Hungary’s Viktor Orbán has told a conference of German conservatives in Bavaria that 2018 will the year “the people’s will” is restored in Europe, as eurosceptic, anti-mass migration leaders take the fight to the globalist establishment.
The Fidesz leader was a guest of Bavaria’s Christian Social Union (CSU), which sits with Angela Merkel’s Christian Democratic Union (CDU) at the federal level in Germany but is markedly more conservative than its nominally ‘centre-right’ sister party.
CSU leader Horst Seehofer has long pressed Chancellor Merkel to set a hard cap on the number of migrants Germany takes in, to block those with no genuine claim to refugee status, and to help genuine cases in their home countries rather than Germany wherever possible.
Mrs Merkel has resisted Seehofer’s overtures until recently — but, struggling to form a government after her disastrous election performance in 2017, genuine conservatives like Seehofer are now able to exercise more influence. He has already pledged to block any coalition with the Social Democrats if it includes a migrant family unification deal, which could pave the way for “overwhelming” chain migration.
WATCH | Hungarian PM, Viktor Orbán: "In Europe, leading politicians in many places have not done what the people wanted. This is a violation of democratic principles and this conflict must be resolved… Consider me your border patrol captain." pic.twitter.com/VL99LK0ZQ4
— LEAVE.EU (@LeaveEUOfficial) January 7, 2018
“In previous years, I have asked whether it will be possible for us to assert the will of the people,” Orbán told his hosts.
“In Europe, leading politicians in many places have not done what the people wanted. This is a violation of democratic principles and this conflict must be resolved.
“I have told our Bavarian friends that 2018 will be the year in which the will of the people will be restored, and that the European people people will step-by-step ensure that decisions made in relation to immigration must serve their interests.”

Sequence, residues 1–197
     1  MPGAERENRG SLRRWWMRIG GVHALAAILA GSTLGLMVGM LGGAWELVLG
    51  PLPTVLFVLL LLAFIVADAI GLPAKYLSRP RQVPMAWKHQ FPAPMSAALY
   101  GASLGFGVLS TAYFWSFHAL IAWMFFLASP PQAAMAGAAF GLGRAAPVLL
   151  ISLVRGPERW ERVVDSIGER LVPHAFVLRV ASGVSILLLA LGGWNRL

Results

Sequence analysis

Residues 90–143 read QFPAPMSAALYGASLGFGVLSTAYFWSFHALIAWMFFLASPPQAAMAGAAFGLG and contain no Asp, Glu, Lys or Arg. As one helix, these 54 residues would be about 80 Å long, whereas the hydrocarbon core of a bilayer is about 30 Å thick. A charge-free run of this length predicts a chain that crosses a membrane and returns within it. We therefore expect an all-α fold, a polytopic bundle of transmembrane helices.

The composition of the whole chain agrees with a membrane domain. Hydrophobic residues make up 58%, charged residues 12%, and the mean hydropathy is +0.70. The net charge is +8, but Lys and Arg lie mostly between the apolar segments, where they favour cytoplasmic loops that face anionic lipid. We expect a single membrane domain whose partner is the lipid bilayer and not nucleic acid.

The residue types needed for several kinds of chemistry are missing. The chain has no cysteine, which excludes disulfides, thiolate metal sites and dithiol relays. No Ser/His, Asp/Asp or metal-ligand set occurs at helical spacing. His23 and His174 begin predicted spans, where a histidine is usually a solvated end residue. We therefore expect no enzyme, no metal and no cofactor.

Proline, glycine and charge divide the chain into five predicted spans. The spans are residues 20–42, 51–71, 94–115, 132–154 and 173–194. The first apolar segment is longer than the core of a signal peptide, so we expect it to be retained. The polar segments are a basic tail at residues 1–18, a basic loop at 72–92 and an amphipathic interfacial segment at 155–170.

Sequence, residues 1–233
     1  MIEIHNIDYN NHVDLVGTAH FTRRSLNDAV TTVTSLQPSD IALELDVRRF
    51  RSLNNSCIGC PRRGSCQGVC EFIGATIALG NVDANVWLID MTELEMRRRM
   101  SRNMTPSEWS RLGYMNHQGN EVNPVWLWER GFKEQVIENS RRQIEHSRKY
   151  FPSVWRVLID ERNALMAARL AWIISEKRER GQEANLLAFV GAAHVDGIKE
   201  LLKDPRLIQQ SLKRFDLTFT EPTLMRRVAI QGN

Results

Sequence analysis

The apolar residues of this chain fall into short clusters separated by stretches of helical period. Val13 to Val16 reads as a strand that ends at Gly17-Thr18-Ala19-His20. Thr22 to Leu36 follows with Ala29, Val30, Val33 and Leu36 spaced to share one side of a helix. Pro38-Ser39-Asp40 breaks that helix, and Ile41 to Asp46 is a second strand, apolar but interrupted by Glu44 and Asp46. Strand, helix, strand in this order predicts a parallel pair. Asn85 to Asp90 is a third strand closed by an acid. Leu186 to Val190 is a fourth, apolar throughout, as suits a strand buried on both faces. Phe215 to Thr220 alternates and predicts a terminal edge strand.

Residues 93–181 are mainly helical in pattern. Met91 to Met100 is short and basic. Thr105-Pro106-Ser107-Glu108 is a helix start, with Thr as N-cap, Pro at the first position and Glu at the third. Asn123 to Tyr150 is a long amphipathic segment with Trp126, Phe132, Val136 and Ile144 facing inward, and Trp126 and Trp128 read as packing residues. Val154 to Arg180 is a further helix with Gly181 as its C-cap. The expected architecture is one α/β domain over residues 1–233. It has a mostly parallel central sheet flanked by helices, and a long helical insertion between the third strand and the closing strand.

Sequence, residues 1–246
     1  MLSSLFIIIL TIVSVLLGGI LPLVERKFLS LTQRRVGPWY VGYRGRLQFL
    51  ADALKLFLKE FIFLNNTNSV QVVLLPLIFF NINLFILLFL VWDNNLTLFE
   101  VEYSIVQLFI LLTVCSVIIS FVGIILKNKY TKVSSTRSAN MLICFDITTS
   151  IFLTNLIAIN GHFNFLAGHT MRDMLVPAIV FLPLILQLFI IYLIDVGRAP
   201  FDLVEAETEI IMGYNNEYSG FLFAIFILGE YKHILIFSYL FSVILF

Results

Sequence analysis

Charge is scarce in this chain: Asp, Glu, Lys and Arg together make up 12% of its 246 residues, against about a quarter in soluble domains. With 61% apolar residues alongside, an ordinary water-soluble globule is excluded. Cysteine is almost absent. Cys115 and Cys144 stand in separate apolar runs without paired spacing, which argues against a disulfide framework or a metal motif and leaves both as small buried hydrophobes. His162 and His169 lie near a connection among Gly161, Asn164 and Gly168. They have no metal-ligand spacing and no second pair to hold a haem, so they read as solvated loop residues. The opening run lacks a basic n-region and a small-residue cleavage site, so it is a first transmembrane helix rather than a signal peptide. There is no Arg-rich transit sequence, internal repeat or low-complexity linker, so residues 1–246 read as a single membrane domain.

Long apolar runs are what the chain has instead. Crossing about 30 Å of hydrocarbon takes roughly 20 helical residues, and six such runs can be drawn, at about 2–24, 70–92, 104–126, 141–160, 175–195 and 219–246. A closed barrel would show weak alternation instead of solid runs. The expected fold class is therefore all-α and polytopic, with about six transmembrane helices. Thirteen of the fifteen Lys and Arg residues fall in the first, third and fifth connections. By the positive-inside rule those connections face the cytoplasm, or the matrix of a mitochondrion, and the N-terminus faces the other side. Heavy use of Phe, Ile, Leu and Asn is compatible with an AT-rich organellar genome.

The Hungarian described how his country refused to bow to pressure from the European Union, Soros-funded open borders campaigns, and other forces pressuring it to accept mass migration: “Right from the beginning we have stood for the protection of the borders … We built a fence, and reinforced our border controls when there were places in Europe where chaos and illegality were being celebrated,” he said — a barely veiled dig at Mrs Merkel.
“The people’s will is clear: the people do not want to live under the threat of terrorism, they want security, they want their borders to be protected, and they want their leaders to take those people out of [Europe] who have no reason to be there,” he warned.
Hungary builds a wall; cuts illegal immigration by over 99 per cent. Lessons for President Trump…? https://t.co/6OFbNVpbuv
— Jack Montgomery ن (@JackBMontgomery) September 16, 2017
Seehofer last invited Prime Minister Orbán to Bavaria when the migrant crisis was at its height in 2015, when the Hungarian slammed Chancellor Merkel for “moral imperialism” and pledged to serve as “captain of Bavaria’s border guard” by acting decisively to protect his own frontiers.
Orbán reiterated that pledge once more on his latest visit, and then as now his presence has been interpreted as the CSU firing a shot across the bows of Chancellor Merkel — particularly as she heads into her latest round of coalition talks.
Inevitably, Seehofer received criticism for hosting the Hungarian leader — but the Bavarian insisted it was important to maintain good relations with “all the small countries of central and eastern Europe”, and warned Germany should be “less arrogant” in “judging” its conservative neighbours.
Indeed, the veteran statesman said he wanted Bavaria to play its part in a “central European alliance” — referring to the conservative, anti-mass migration bloc of Hungary, Poland, Czechia, and Slovakia, which may now be joined by Austria under its new conservative-nationalist coalition government — and pointed out that Germany’s eastern neighbours are bigging trading partners for Bavaria than France and Britain, in Europe’s multicultural west.
“Without a doubt [Prime Minister Orbán] stands upon ground made up of the rule of law,” he declared — a clear rebuke to the Brussels establishment which has hounded the Hungarian for robust border policy and refusal to submit to the EU’s policy of compulsory migrant quotas.
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